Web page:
https://www.fws.gov/migratorybirds/p...aymeasures.pdf
                  A bit unconvincing in places for example one solution is "reduce road kill" doubtless a very laudable aspiration but how - its like a preacher saying we must reduce sin. Similarly "remove road kill" is equally unrealistic.

                  Last year I hit a pheasant that flew into my car at windscreen height when I was doing 60 mph. That's a big bird, I damn near lost control and a lot of expensive damage was done but I don't see anything in that article that could have mitigated it.
                  Human history becomes more and more a race between education and catastrophe (H G Wells)
                  Mit der Dummheit kaempfen Goetter selbst vergebens (Friedrich von Schiller)

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                  • #39
                    A link with photos of some of the most popular backyard birds.

                    https://www.thespruce.com/most-commo...-birds-4121925
                    Last edited by lakechampainer; 20 Jul 17, 07:28.

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                    • #40
                      How to identify house sparrows. Many pictures of house sparrows and other birds, including song sparrows.

                      http://bluebirdnutcafe.yuku.com/topi...s#.WXCho4jyvIU

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                      • #41
                        A list produced in 1927 of birds to be found close to where I live has 74 species in it. Today 90 years on although some have become much rarer others that were listed as visitors only and not breeding are now relatively common and the line above which they did not breed has moved further North, The 1927 list list has no Goshawk on it and I have seen a pair within a mile of here. That squawking pest the ring necked parakeet (an introduced alien to Britain) has so far not managed to over winter successfully although I have seen the occasional one in the summer but I fear that if winters get milder on average its only a matter of time. If this happens the local vineyards are going to be very unhappy as they love grapes. Sparrow numbers here seem to fluctuate quite dramatically from year to year.
                        Human history becomes more and more a race between education and catastrophe (H G Wells)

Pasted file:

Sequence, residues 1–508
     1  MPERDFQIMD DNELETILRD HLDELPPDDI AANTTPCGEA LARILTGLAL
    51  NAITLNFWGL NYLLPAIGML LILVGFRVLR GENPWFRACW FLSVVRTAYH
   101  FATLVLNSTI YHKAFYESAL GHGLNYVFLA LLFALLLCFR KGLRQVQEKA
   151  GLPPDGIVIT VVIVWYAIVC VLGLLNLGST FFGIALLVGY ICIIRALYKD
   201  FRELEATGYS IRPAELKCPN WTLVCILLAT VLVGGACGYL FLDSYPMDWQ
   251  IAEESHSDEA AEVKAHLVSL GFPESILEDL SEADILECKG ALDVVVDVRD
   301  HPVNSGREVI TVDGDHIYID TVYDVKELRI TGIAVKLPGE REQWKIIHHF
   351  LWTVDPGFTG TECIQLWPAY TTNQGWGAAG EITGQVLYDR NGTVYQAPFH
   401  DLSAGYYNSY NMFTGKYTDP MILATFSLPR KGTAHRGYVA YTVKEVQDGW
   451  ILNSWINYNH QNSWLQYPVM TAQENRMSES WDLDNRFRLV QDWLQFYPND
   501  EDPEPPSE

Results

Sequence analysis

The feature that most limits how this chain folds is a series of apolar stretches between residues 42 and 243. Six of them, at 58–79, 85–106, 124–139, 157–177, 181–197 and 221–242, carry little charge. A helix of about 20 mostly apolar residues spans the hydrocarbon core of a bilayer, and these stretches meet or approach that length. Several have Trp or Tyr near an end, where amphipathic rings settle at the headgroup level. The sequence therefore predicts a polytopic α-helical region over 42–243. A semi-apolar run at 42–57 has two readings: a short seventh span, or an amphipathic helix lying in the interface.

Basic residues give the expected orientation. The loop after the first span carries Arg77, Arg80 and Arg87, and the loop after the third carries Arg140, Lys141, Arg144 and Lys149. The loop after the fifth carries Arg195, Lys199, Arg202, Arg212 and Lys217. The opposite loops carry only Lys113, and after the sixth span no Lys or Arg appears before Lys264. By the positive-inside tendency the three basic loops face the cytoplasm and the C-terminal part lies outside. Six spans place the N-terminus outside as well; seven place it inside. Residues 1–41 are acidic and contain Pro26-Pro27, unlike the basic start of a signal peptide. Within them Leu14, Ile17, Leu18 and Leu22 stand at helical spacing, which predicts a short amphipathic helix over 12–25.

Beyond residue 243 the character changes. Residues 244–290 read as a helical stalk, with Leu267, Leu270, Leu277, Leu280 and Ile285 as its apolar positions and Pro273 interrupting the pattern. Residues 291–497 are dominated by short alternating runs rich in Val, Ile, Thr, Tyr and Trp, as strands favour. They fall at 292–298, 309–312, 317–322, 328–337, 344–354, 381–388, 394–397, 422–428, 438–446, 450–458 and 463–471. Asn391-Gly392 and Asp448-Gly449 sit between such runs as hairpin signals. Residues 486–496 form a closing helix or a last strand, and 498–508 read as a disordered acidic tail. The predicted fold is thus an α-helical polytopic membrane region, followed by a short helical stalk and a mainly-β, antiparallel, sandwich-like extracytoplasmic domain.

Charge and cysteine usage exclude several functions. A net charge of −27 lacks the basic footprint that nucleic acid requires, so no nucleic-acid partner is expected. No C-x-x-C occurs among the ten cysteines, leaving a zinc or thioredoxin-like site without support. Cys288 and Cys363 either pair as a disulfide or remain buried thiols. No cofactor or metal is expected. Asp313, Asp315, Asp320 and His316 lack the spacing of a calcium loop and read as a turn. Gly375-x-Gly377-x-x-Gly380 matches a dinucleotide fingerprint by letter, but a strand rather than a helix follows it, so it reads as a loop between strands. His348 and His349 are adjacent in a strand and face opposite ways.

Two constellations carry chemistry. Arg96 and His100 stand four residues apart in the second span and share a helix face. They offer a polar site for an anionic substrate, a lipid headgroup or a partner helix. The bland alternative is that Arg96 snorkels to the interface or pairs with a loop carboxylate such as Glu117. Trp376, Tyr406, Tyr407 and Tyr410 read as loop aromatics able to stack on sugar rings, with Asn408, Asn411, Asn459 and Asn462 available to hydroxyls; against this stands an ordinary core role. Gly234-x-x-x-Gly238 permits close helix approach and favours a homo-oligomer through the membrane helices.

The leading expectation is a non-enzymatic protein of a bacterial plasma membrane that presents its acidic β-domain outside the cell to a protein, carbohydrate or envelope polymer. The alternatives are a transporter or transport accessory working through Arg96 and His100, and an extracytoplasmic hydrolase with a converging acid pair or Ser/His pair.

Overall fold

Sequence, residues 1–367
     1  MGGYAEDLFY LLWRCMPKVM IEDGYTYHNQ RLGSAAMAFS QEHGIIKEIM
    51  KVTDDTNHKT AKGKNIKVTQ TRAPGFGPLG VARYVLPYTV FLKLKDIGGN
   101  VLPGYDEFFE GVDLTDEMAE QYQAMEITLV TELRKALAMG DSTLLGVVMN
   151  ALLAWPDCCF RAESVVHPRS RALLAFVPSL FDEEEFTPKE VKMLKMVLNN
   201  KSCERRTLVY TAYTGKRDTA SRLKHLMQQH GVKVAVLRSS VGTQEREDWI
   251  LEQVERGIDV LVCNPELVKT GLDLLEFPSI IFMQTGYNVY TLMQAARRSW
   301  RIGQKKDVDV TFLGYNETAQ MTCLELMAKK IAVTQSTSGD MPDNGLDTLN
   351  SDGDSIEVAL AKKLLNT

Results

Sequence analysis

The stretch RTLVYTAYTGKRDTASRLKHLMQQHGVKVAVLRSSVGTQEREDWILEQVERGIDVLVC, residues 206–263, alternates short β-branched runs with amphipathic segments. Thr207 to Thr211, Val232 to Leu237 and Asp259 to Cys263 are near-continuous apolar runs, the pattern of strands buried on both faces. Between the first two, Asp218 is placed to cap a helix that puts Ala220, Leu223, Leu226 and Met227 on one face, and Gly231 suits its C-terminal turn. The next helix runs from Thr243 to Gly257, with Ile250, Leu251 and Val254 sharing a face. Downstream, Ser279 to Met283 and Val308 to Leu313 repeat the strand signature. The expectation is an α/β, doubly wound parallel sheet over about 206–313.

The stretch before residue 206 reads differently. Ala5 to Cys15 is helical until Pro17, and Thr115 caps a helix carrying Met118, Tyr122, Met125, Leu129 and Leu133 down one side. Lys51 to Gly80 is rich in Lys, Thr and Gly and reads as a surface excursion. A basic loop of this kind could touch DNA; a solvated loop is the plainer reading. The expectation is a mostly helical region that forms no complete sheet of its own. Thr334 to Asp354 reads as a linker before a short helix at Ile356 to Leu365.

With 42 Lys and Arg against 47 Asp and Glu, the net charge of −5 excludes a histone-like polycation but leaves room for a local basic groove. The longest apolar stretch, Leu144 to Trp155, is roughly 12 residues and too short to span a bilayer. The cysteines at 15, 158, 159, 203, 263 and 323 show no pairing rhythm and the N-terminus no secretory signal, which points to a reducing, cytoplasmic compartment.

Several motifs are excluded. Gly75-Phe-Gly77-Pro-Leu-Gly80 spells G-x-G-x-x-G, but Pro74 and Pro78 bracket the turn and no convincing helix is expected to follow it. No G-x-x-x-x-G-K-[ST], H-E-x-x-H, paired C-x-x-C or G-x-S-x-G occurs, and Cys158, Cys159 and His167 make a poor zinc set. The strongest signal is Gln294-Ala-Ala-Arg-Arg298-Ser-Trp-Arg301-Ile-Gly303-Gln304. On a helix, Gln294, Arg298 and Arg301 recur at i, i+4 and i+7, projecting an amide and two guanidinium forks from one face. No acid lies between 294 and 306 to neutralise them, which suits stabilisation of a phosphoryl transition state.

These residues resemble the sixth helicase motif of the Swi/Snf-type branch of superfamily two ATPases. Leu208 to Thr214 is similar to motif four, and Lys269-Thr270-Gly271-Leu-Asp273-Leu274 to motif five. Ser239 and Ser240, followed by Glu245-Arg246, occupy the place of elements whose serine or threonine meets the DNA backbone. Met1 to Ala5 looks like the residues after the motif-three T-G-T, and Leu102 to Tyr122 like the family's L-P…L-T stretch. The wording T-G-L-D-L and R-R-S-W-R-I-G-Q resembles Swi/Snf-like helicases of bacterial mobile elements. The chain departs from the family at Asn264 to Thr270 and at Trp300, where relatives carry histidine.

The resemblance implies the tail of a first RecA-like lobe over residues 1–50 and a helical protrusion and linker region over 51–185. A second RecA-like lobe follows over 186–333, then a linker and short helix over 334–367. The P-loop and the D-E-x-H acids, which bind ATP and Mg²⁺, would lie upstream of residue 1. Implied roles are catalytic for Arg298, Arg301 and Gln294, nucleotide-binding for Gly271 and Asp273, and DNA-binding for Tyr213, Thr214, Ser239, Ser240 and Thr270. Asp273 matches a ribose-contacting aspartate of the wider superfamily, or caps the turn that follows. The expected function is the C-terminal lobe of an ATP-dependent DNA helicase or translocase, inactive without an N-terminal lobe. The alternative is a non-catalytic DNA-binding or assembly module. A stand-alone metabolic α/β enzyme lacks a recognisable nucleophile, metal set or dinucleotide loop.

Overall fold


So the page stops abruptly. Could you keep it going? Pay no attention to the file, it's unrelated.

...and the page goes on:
Mit der Dummheit kaempfen Goetter selbst vergebens (Friedrich von Schiller)

                        Comment


                        • #42
                          Squawking seagulls circle

                          Waiting for slobs to leave food

                          In the parking lot

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                          • #43
                            Still waiting to be called back to work/for the world to return: I have enjoyed listening to bird sounds this spring in the unusual silence. I figured I might as well try to learn to ID them to some extent. When I did try to learn birding, I never did focus much on sounds. But maybe I'll give it a try.

                            Links to:

                            https://en.wikipedia.org/wiki/Bird_vocalization

                            From The National Zoo: Guide to North American Bird Songs and Sounds

                            https://nationalzoo.si.edu/scbi/migr...n/nasongkey.pl


                            ===================================

                            excerpt from Wikipedia article:

                            In extratropical Eurasia and the Americas almost all song is produced by male birds; however in the tropics and to a greater extent the desert belts of Australia and Africa it is more typical for females to sing as much as males. These differences have been known for a long time[9][10] and are generally attributed to the much less regular and seasonal climate of Australian and African arid zones requiring that birds breed at any time when conditions are favourable, although they cannot breed in many years because food supply never increases above a minimal level.[9] With aseasonal irregular breeding, both sexes must be brought into breeding condition and vocalisation, especially duetting, serves this purpose. The high frequency of female vocalisations in the tropics, Australia and Southern Africa may also relate to very low mortality rates producing much stronger pair-bonding and territoriality.[11]
                            Last edited by lakechampainer; Today, 16:59.